Merchant cash advances and small business loans are alike in that they both provide borrowers the funds they need for many business-related efforts. But they are different in many ways, ranging from how people pay them back to the charges associated with each. Here’s a comparison of these two and how they are different from each other.
How the Money Is Paid Back
A merchant cash advance and a small business loan will entail a business borrowing money from a lender or service provider. The group will use that money for whatever operating needs it may hold.
The way the money is paid back will vary. For a loan, the business must pay back the value with a set amount of money each month. The group pays back the loan in regular installments.
For a cash advance, the business will pay back the total based on the credit card statements it receives. The company will pay a set percentage of whatever it gets in credit card payments each day.
How Much Money Will I Get?
Businesses can qualify for varying amounts of money when getting an advance or loan. But the total amount someone will get will vary by investment.
A loan can be worth immense amounts of money. It could be worth millions of dollars if necessary. Smaller term loans worth tens of thousands of dollars can also work.
A merchant cash advance can cover significant amounts, but whatever a business gets will vary surrounding one’s expected sales. A company can get more than 200 percent of one’s expected sales through an advance.
What Charges Work?
The charges for each solution are also different. A loan entails interest charges that are based on the principal or original amount of money the borrower needs to cover. The interest charges can vary surrounding how much money is remaining on the principal. A person might potentially pay off extra amounts to reduce the interest, although not all loans will provide this benefit.
Loans may also be subject to various fees. These include maintenance and processing fees, plus additional charges for work. A down payment that covers a percentage of the loan may also be necessary at the start.
A merchant cash advance entails a factor rate instead of interest. The factor rate is a decimal that measures how much someone will pay to cover the cost of the advance. For example, if the factor rate is 1.2, that means the person must pay back the advance value plus 20 percent of that original value. The factor rate remains the same during the life of the deal.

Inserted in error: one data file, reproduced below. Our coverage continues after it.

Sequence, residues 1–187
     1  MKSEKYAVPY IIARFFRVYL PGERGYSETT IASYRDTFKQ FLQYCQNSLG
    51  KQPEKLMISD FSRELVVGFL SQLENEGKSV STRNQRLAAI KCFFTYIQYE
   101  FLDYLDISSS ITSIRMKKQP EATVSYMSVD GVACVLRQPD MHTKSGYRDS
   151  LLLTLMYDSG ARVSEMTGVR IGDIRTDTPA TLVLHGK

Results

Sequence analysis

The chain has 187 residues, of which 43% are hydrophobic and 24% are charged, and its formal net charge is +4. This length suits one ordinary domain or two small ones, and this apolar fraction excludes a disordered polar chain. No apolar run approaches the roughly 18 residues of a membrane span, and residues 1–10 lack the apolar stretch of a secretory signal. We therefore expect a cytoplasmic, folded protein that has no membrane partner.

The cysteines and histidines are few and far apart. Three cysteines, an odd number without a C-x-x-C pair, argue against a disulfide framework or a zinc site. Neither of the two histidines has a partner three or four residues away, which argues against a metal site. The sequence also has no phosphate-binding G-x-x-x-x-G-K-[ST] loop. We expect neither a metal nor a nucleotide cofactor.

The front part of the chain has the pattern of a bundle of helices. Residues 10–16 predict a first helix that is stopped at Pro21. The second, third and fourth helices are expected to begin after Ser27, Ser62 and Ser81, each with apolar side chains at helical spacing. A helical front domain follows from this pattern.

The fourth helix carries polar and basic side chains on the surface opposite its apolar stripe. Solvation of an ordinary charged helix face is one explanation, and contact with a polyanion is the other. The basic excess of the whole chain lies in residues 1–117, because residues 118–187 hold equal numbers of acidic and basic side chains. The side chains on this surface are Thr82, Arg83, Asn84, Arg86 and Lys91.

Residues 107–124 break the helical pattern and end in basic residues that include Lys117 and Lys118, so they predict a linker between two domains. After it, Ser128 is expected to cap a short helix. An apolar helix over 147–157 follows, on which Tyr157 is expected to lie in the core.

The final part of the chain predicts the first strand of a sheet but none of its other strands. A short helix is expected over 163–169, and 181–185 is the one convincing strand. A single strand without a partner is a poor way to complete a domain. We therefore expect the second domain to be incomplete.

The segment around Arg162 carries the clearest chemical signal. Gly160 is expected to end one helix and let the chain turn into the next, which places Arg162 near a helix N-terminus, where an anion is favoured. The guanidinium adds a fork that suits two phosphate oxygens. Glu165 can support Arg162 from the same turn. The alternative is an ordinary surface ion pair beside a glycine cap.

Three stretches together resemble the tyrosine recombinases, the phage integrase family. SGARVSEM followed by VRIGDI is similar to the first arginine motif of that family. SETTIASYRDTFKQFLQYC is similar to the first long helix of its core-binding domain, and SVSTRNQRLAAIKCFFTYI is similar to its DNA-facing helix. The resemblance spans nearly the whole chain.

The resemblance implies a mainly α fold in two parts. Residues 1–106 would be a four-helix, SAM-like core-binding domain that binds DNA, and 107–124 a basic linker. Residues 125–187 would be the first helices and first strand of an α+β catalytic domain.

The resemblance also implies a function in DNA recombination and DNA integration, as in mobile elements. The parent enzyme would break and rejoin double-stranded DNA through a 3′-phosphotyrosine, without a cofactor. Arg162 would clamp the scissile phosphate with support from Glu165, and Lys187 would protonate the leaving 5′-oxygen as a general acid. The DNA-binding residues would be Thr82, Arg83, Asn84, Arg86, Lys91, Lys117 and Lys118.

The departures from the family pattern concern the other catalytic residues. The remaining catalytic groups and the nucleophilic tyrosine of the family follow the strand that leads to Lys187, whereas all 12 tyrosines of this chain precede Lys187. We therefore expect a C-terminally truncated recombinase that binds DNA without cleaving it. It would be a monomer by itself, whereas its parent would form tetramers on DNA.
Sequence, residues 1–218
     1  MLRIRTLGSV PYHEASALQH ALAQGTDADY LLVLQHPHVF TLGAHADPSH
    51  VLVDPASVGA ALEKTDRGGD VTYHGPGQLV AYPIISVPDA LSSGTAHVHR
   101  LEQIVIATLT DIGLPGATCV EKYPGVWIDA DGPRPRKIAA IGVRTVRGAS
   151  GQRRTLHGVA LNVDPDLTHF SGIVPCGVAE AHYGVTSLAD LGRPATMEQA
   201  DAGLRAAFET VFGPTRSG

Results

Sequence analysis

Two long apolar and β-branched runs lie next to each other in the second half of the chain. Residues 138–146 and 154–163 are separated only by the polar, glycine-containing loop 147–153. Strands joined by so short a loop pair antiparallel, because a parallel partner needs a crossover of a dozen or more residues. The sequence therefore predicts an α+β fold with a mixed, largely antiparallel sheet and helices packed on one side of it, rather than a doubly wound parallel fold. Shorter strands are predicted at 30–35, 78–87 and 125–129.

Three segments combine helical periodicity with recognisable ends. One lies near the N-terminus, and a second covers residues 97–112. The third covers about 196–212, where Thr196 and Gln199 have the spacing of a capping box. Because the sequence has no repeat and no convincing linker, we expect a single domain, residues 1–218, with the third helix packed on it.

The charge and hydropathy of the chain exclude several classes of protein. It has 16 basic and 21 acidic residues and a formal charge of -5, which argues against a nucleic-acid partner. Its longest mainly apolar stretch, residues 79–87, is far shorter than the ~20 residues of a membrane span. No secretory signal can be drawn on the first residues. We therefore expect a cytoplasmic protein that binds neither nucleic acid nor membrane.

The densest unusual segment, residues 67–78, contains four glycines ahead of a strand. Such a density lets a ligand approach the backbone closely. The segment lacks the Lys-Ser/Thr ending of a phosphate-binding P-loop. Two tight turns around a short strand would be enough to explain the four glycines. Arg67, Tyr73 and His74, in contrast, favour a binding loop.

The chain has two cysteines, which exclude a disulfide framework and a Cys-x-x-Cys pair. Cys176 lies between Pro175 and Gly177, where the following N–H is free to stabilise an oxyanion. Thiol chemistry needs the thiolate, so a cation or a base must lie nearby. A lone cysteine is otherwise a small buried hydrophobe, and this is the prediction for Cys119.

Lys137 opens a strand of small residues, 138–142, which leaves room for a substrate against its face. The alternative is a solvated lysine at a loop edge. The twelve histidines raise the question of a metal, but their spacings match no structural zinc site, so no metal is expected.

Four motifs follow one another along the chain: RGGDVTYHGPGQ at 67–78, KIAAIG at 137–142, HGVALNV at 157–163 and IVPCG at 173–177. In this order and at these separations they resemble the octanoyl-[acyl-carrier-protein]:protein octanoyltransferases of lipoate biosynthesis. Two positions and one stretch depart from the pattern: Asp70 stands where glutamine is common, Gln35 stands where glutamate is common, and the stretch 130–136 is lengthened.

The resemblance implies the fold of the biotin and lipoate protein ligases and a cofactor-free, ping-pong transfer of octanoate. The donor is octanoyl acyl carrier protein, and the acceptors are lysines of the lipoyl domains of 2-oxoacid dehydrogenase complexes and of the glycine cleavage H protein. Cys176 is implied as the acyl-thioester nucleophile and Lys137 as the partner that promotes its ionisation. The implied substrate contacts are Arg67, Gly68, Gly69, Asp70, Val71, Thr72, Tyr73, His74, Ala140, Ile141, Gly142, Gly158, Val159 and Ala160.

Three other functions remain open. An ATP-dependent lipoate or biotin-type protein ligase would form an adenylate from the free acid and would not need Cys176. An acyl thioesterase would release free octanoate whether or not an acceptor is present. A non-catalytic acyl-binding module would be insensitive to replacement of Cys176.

The factor rate sounds useful, but the APR may be higher than what a loan provides. A business should review what loans are available surrounding possible interest payments and what advances are open and how their factor rates will work.
A loan includes a set term length. The business will pay for the loan during that time frame. Some loans allow a company to pay it off early, although there could be some early repayment fees depending on what works here.
A cash advance does not have a specific term. The business will continue paying off the advance with its credit card receipts for as long as necessary. A provider can offer an estimate for how long it would take to pay it off based on current credit totals and how much will be paid each day, but the timeframe could be shorter or longer depending on credit card sales totals.
A merchant cash advance is available based on one’s business cash flow. A business with a greater and more consistent cash flow may qualify for a better factor rate. The group will be more likely to cover the advance total in less time, reducing the possible expense.
It is harder for companies to qualify for loans. A credit review is necessary to determine if a business can afford to pay off the loan. Those who are at high risk may be subject to higher interest rates or charges, or they may not have access to as many funds. There’s always the chance the business may not qualify for a loan due to its poor credit history or its significant risk level for the work.
What About Declining Revenues?
A merchant cash advance is best for businesses that might experience unpredictable revenue shifts. A loan is better for ones who have predictable and consistent revenue flows. The loan payments are always the same throughout its term, while an advance provides flexibility.
A merchant cash advance is unsecured, as it is paid back through future credit card receipts. The business sells a percentage of those receipts to the lender and uses that as collateral.
A small business loan will often require physical or operating collateral. It can entail equipment, a vehicle, or various other assets in the workplace. The lender has the right to revoke the collateral from the borrower if that person cannot pay for whatever someone holds.
Which Is Better?
There’s no definite answer to this question, as merchant cash advances and small business loans are useful for various needs. A loan is ideal for businesses that have been around a while and can afford something with predictable payments. An advance works best for newer entities that don’t have as much history and need extra assistance in keeping their businesses running well.
The amount of money in question is also a factor to note. A loan works well when people need more money for long-term plans, but an advance is suitable for more pressing needs that demand a resolution to their needs or concerns now.
Any group that needs extra money for any purpose should look at what makes these two distinct. A company should review its credit status, its cash flow, and its future plans for earning money to see what fits. It will be easier to make the right choice after planning one’s work.